This cross-domain challenge requires tools that provide a global, application-level view of all SAN resources. This approach to storage resources allows IT to:
IT professionals responsible for managing storage-area networks face a daunting challenge. Storage today is an integral element in the interconnected IT-service delivery chain, and applications are spread across multiple arrays, switches and servers, often from different vendors.
In such heterogeneous environments, the old device-centric approach to SAN management is limited. More comprehensive, vendor-neutral tools are needed that complement traditional storage resource management (SRM) tools.
This need was highlighted in a recent Gartner "Magic Quadrant" report on SRM and SAN-management software that noted: "Consolidation in the storage management market has resulted in suites of products that, while providing a large number of features, still lack specific capabilities that customers need." It goes on to say, "Keeping critical applications running requires consistent data access. This puts pressure on IT and storage administrators to ensure capacity availability, quick recovery and proactive infrastructure management."
A new class of SAN-management tools is emerging to address the challenge of assuring application performance in mixed storage environments. These tools focus on managing SANs' application-level performance, not just device-level performance. This lets IT departments manage SANs according to applications' service level and allocate storage resources appropriately based on how critical each application is.
The challenge requires tools that provide a global, application-level view of all SAN resources, letting IT departments:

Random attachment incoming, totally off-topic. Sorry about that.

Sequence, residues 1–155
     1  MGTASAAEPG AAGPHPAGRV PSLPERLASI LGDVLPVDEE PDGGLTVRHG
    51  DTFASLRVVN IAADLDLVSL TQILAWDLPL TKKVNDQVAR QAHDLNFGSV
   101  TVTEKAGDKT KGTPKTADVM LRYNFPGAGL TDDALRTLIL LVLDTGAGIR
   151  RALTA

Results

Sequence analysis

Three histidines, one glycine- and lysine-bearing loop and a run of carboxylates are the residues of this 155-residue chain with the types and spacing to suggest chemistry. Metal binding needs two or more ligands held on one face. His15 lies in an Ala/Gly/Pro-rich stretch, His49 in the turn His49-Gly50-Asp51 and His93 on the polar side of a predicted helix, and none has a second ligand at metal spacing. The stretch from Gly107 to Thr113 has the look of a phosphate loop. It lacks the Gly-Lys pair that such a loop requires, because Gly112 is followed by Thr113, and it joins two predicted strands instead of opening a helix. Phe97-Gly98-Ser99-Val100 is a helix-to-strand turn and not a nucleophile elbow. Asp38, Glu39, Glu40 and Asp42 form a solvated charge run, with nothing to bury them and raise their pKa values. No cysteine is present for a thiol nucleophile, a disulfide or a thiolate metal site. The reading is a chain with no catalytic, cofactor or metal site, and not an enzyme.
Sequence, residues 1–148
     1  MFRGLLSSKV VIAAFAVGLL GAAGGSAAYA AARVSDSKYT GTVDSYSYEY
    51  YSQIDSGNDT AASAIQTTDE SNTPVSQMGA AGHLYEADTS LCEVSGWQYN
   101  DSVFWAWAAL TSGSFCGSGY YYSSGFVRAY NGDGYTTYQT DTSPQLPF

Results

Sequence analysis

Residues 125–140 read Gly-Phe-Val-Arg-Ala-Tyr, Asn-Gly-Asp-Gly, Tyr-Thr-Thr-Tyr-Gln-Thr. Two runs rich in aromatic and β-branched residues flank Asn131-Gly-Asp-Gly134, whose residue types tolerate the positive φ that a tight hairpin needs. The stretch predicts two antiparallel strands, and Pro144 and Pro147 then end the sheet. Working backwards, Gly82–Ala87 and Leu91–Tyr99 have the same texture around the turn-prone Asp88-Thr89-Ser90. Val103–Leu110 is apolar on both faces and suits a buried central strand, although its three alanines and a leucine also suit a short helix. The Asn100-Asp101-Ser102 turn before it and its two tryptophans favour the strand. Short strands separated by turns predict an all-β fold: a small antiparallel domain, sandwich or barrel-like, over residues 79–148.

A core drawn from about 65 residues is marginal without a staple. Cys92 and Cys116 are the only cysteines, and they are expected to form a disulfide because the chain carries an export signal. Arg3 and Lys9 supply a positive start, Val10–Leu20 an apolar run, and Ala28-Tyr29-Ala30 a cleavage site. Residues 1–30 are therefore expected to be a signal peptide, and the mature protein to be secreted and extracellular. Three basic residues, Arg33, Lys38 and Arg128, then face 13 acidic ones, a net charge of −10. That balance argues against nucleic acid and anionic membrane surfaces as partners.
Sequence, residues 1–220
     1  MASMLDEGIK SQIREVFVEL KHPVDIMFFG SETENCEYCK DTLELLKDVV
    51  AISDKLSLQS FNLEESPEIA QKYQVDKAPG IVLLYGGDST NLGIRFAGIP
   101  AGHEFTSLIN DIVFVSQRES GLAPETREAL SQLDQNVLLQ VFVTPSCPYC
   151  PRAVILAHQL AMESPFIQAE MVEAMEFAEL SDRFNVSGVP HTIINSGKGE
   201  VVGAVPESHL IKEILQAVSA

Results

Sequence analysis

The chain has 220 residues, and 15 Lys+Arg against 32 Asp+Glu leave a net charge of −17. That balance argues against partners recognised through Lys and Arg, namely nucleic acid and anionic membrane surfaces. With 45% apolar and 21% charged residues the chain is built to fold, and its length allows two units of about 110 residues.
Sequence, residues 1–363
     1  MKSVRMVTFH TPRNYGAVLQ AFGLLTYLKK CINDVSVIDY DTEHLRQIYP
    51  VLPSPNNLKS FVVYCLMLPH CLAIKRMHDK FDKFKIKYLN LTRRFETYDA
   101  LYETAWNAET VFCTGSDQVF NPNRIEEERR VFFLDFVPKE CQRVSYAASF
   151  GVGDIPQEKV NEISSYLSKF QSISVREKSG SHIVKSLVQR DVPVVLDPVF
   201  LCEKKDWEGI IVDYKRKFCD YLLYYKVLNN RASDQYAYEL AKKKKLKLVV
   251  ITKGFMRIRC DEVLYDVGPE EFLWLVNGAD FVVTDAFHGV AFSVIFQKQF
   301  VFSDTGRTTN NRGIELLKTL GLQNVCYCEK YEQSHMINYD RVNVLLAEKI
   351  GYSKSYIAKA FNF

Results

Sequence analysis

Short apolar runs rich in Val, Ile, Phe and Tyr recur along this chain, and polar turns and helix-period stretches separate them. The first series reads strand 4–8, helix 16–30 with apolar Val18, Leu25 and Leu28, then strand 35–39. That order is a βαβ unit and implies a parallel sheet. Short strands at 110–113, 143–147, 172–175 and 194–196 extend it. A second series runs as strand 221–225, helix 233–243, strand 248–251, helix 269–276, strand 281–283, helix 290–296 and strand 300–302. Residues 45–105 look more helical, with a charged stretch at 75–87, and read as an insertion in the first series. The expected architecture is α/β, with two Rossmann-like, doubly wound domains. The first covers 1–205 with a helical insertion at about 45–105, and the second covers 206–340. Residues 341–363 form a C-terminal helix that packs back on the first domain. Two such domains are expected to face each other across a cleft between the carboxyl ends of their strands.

* Verify the present state of the storage services supporting an application, including capacity, access and recoverability; also provide early detection of latent quality problems to avoid outages.
* Record the past for easier troubleshooting, auditing and reporting.
* Predict the future to better plan data migration and consolidation and capacity-forecasting.
These capabilities in turn let IT managers address a range of day-to-day storage-management challenges:
* Change management: providing a real-time, global SAN view from an application standpoint, which is critical to ensuring infrastructure changes do not affect application performance.
* Capacity planning: providing insight on storage use by application, as well as information on switch use and server loads, which affect the distribution of load across storage arrays.
* Service-level monitoring: providing not just device-level monitoring but a true application-level view, so a SAN manager can see what level of service is being delivered to a particular application, in real time.
* Outage prevention: proactively detecting the small changes and events that over time can build and cause outages.
* Audit and compliance: providing application-level compliance assurance and reporting for the SAN. With the Sarbanes-Oxley Act and other regulations, storage management is critical to compliance with corporate directives. SAN-management tools should let IT managers monitor and document SAN compliance against specific application service-level requirements.
* Root-cause analysis: providing the global SAN visibility needed to pinpoint problems rapidly in today's complex, heterogeneous environments. Consider the case of a multipath configuration: The storage devices could be set up properly, while the multipath server is not. Only a cross-domain, application-level view lets IT managers rapidly identify this kind of problem.
* Application cost allocation: providing SAN-wide visibility and analysis to allocate costs accurately across storage, server and network platforms from different vendors, often across data-center locations. With their holistic, application-centric view of SAN resources, SAN-management tools should simplify cost allocation greatly.
By providing a global, application-service view of SAN resources, performance and availability, these new tools should fill an important gap in SAN management. SRM tools will continue to play a crucial role in deploying and provisioning SAN arrays, but the new tools will provide the bird's-eye view needed to keep those complex, ever-changing storage networks flying.
Yahalom is chief scientist at Onaro. He can be reached at Raphael.Yahalom@onaro.com.
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